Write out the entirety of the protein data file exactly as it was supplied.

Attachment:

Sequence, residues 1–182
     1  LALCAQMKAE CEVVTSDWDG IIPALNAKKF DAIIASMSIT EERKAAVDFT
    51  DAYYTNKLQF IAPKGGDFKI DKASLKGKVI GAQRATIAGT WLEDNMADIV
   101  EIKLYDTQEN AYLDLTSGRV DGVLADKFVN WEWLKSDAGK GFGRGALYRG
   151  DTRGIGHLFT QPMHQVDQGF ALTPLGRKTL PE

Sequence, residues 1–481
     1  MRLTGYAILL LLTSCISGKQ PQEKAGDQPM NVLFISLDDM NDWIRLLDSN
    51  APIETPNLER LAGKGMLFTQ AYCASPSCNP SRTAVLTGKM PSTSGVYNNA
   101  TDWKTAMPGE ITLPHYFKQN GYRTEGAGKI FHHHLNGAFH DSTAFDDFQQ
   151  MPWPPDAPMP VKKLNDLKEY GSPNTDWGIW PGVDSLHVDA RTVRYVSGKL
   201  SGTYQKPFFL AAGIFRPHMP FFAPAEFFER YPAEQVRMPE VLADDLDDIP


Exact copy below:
Sequence, residues 1–182
     1  LALCAQMKAE CEVVTSDWDG IIPALNAKKF DAIIASMSIT EERKAAVDFT
    51  DAYYTNKLQF IAPKGGDFKI DKASLKGKVI GAQRATIAGT WLEDNMADIV
   101  EIKLYDTQEN AYLDLTSGRV DGVLADKFVN WEWLKSDAGK GFGRGALYRG
   151  DTRGIGHLFT QPMHQVDQGF ALTPLGRKTL PE

Sequence, residues 1–481
     1  MRLTGYAILL LLTSCISGKQ PQEKAGDQPM NVLFISLDDM NDWIRLLDSN
    51  APIETPNLER LAGKGMLFTQ AYCASPSCNP SRTAVLTGKM PSTSGVYNNA
   101  TDWKTAMPGE ITLPHYFKQN GYRTEGAGKI FHHHLNGAFH DSTAFDDFQQ
   151  MPWPPDAPMP VKKLNDLKEY GSPNTDWGIW PGVDSLHVDA RTVRYVSGKL
   201  SGTYQKPFFL AAGIFRPHMP FFAPAEFFER YPAEQVRMPE VLADDLDDIP